Trade unions, associations, and other organized economic groups formed by people who work for wages, often performing manual labor.
Attempts to organize in order to improve working conditions in the early 1800’s were labeled “criminal conspiracies” by the courts, a doctrine imported to the United States from English common law. The courts were generally sympathetic to business, and by the mid-1800’s they began to support companies by readily issuing labor injunctions to help them deal quickly and effectively with strikes, boycotts, and picketing.
In 1894 several federal courts issued injunctions to stop the national boycott of Pullman railway cars organized by Eugene Debs,
Among the tools at the courts’ disposal was the Sherman Antitrust Act
The Clayton Act
In addition to attempting to halt the activities of unions, businesses tried to keep them from forming. In the 1890’s, employers commonly required workers to sign oaths that they would refrain from any union activity. Unionists labeled these yellow dog contracts
Although the Court had reversed the Clayton Act, in the 1930’s Congress again passed legislation favorable to labor. The Norris-LaGuardia Act
In 1937, however, in five separate cases, the Court upheld the National Labor Relations Act
Also in 1937 writing for the majority in Senn v. Tile Layers Union, Justice Louis D. Brandeis explicitly linked picketing and publicity authorized under Wisconsin law to the Fourteenth Amendment and “freedom of speech…guaranteed by the Federal Constitution.” The Court extended full First Amendment
The Court also placed restrictions on strikes, ruling against sit-down strikes
Congress passed the Taft-Hartley Act
In 1959 Congress passed the Landrum-Griffin Act
The Court established judicial review of arbitration with its decision in Textile Workers Union v. Lincoln Mills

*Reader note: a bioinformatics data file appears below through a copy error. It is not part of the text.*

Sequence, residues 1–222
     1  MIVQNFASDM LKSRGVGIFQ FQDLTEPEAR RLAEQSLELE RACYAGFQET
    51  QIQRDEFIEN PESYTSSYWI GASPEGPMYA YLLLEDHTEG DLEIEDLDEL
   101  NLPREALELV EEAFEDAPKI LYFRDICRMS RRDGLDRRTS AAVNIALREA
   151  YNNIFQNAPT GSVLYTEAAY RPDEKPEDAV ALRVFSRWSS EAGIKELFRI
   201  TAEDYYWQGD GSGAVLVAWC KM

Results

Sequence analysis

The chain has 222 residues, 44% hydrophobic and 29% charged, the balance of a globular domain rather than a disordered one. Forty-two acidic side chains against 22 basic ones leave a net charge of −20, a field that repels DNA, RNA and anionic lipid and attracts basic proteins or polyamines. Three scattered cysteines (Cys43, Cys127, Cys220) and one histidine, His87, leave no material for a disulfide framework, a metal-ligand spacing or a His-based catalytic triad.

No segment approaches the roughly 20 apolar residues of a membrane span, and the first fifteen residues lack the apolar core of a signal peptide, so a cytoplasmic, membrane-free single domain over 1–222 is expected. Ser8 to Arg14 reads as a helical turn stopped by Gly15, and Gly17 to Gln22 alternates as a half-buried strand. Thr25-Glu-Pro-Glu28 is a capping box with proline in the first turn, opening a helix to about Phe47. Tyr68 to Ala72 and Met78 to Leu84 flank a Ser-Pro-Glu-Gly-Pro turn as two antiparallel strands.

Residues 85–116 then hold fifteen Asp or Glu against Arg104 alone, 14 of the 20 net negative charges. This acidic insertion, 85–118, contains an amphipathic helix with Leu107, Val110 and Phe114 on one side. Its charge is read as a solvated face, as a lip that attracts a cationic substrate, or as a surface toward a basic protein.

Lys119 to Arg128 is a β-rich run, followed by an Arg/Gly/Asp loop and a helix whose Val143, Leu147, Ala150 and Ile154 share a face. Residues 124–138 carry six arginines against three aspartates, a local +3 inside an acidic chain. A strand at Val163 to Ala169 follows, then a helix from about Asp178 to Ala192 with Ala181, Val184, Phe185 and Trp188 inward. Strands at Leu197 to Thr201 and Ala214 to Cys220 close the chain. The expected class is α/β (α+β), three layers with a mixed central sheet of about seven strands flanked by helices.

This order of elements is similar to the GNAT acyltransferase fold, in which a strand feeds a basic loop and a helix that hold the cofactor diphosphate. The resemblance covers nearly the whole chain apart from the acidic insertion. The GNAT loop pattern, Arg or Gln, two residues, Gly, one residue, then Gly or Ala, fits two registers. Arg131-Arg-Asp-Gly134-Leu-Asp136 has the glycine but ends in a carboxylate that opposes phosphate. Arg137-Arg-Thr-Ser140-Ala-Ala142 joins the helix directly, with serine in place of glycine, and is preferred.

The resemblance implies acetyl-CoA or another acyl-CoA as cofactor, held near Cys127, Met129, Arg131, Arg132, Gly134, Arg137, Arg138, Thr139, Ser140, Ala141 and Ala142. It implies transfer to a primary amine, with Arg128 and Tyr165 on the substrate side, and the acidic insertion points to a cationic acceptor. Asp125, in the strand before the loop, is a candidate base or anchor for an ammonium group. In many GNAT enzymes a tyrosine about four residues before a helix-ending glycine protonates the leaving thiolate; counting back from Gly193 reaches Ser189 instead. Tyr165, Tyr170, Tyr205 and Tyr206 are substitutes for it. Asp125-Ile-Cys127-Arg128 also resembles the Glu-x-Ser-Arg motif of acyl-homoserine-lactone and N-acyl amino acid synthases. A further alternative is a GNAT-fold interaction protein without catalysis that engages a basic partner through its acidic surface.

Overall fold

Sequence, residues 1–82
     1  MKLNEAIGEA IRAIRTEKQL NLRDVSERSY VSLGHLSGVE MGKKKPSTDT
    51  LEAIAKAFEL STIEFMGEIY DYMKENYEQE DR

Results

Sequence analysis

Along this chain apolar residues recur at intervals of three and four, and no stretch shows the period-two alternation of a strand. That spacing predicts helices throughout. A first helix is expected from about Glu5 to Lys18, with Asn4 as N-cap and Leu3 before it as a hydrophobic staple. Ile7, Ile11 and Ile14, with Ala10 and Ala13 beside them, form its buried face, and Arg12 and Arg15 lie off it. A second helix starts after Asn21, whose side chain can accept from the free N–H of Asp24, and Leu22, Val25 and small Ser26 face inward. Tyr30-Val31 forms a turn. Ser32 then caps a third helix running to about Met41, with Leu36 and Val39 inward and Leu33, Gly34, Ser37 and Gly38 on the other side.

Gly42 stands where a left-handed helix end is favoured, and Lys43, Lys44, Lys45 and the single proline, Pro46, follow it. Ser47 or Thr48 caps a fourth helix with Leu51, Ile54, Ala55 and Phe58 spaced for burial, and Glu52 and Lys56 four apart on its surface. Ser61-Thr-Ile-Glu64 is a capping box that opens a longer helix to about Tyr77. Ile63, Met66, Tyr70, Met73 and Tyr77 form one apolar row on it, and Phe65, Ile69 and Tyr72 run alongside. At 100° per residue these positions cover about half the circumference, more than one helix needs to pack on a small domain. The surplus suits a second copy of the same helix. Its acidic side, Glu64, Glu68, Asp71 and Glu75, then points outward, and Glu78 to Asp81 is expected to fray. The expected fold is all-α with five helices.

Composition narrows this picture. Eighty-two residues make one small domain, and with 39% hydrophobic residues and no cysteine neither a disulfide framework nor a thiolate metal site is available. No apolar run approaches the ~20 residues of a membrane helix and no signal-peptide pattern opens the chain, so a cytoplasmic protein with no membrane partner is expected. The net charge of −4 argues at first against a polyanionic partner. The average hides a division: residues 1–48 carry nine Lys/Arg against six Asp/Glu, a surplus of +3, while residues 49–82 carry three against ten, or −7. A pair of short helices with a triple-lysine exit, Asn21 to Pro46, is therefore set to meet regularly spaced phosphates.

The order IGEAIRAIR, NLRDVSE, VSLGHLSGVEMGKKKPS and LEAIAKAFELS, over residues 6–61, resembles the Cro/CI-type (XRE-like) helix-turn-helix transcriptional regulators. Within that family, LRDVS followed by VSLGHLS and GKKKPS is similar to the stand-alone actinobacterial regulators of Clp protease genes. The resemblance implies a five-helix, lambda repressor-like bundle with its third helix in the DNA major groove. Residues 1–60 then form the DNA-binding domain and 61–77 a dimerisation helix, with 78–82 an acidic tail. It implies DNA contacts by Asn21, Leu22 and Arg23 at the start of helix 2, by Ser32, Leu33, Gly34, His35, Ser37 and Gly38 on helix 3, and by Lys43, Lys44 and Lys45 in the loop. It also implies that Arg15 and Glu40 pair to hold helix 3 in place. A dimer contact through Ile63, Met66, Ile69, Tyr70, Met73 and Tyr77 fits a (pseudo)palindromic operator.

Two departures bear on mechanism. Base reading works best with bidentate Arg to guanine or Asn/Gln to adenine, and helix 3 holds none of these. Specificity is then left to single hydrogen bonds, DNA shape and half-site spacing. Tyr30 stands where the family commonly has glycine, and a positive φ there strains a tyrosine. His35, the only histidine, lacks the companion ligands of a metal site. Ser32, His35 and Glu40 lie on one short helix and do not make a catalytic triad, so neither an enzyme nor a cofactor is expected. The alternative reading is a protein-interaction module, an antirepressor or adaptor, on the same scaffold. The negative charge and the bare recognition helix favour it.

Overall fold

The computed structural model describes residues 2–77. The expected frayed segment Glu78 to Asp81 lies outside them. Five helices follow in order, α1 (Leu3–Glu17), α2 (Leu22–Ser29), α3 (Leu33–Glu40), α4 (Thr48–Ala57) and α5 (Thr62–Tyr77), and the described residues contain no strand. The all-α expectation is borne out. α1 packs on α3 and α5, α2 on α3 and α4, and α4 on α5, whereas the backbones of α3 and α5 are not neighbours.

In Vaca v. Sipes
Collective bargaining in state and local governments dates from the 1950’s. A limited form was first permitted in the federal sector by presidential executive order although it did not receive statutory force until the Civil Service Reform Act of 1978. Hopes for a single, national policy framework were dashed when the Court ruled in National League of Cities v. Usery
In AFSCME, AFL-CIO v. Woodward
Though dated, a good, detailed history can be found in Alvin L. Goldman’s The Supreme Court and Labor-Management Relations Law (Lexington, Mass.: Lexington Books, 1976). A useful textbook covering the scope of the private sector issues, including competent coverage of the Court’s impact, is William H. Holley and Kenneth M. Jennings’s The Labor Relations Process (5th ed., Chicago: Dryden Press, 1994). A counterpart is Richard C. Kearney’s Labor Relations in the Public Sector (2d ed., New York: Marcel Dekker, 1992). Constitutional Interpretation by Craig R. Ducat (6th ed., St. Paul, Minn.: West Publishing, 1996) depicts the Court’s labor rulings in the context of the broader historical currents. Landmark and current cases, by topic, can be found via the Internet at Cornell University’s Legal Information Institute Supreme Court Collection (www.supct.law.cornell.edu).
Adair v. United States
Allgeyer v. Louisiana
Debs, In re
Elrod v. Burns
Garcia v. San Antonio Metropolitan Transit Authority
Loewe v. Lawlor
National Labor Relations Board v. Jones and Laughlin Steel Corp.
National League of Cities v. Usery
Schechter Poultry Corp. v. United States
Sherman Antitrust Act
Thornhill v. Alabama